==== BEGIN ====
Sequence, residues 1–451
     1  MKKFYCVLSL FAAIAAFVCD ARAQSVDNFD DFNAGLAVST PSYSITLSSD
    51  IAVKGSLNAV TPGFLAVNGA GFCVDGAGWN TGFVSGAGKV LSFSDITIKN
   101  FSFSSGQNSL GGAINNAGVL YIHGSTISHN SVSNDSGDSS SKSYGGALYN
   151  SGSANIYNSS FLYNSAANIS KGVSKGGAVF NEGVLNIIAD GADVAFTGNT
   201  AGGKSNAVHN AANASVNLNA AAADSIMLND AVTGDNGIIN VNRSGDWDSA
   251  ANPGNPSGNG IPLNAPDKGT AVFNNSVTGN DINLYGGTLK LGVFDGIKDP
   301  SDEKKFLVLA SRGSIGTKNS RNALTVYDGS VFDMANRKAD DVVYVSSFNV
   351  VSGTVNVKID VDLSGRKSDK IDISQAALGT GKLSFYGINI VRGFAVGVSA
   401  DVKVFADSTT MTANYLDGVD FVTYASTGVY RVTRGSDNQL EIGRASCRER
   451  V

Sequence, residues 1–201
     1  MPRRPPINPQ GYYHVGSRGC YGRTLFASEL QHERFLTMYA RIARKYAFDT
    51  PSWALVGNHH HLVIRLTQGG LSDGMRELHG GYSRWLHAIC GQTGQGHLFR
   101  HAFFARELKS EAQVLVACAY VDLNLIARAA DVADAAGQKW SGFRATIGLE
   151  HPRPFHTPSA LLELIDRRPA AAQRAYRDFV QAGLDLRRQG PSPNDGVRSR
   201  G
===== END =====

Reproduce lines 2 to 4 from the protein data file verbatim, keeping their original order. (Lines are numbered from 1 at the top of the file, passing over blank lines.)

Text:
     1  MKKFYCVLSL FAAIAAFVCD ARAQSVDNFD DFNAGLAVST PSYSITLSSD
    51  IAVKGSLNAV TPGFLAVNGA GFCVDGAGWN TGFVSGAGKV LSFSDITIKN
   101  FSFSSGQNSL GGAINNAGVL YIHGSTISHN SVSNDSGDSS SKSYGGALYN